Ben Stiller counts himself as one of more than 180,000 American men battling prostate cancer every year.
During a recent visit to “The Howard Stern Show,” the actor went public with his diagnosis of a “mid-range aggressive” form of prostate cancer in 2014.
Thankfully, Stiller, who was 48 at the time, has been cancer-free for two years after a successful surgery to remove the prostate. Now, he’s made it his mission to educate people about how to effectively detect the disease.
“It came out of the blue for me,” Stiller said. “I had no idea.”
The “Zoolander” actor and his surgeon appeared on the radio show to praise the PSA (prostate-specific antigen) test, which helps indicate the presence of prostate-cancer-related antigens in the blood.
In an accompanying essay originally published on Medium, Stiller explained how the screening was instrumental after his initial diagnosis, which placed him on a “crazy roller coaster” ride to rid cancer from his system.
“As my new, world-altering doctor spoke about cell cores and Gleason scores, probabilities of survival, incontinence and impotence, why surgery would be good and what kind would make the most sense, his voice literally faded out like every movie or TV show about a guy being told he had cancer ... a classic Walter White moment, except I was me, and no one was filming anything at all,” he wrote.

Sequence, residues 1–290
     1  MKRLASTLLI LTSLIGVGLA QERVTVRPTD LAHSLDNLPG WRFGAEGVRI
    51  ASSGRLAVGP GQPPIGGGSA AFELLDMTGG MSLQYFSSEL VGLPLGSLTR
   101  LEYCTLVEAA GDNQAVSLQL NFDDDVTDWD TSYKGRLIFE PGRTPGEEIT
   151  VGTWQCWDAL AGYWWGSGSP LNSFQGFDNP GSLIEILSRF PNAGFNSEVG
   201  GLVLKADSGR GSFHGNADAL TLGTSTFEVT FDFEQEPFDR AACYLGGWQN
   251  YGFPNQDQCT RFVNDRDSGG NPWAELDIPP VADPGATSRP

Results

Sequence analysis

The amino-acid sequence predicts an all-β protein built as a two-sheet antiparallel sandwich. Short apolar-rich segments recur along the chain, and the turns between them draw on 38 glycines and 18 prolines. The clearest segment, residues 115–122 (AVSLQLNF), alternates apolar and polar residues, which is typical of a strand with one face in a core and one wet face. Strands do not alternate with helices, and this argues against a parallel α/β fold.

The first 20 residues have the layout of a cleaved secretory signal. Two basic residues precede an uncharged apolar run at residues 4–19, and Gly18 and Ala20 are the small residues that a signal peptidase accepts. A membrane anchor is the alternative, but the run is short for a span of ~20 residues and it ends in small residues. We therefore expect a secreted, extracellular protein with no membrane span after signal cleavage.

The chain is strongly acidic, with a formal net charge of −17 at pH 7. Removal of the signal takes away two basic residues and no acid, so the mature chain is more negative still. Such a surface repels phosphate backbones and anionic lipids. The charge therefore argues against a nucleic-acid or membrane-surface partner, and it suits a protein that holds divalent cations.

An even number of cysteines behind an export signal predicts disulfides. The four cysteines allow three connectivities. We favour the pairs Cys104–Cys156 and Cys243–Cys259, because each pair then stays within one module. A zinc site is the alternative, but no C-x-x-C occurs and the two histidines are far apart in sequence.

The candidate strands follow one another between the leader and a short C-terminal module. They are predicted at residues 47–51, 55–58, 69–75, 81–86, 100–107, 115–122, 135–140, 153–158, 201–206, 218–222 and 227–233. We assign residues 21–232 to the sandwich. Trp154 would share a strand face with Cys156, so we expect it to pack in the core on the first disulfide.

“Right after I got the news, still trying to process the key words echoing dimly in my head (’probability of survival-vival-vival-val ... ‘ ‘incontinence-nence-nence-ence ... ‘), I promptly got on my computer and Googled ‘Men who had prostate cancer,’” Stiller continued. “I had no idea what to do and needed to see some proof this was not the end of the world.”
After his diagnosis, Stiller apparently phoned his “Meet the Parents” co-star, Robert De Niro (who successfully treated the disease in 2003) for advice, according to Gossip Cop.
The PSA test has been subject to some controversy after a new study challenged the effectiveness of the screening in 2016 due to false positives that lead to unnecessary “over-treatment.” In fact, the U.S. Preventive Services Task Force discouraged physicians in 2012 from PSA testing among men in all age groups because of the inconclusive results.
Stiller, however, maintains that the test “saved my life.”
“This is a complicated issue, and an evolving one,” he wrote. “But in this imperfect world, I believe the best way to determine a course of action for the most treatable, yet deadly cancer, is to detect it early.”
To read the rest of Stiller’s essay, head here.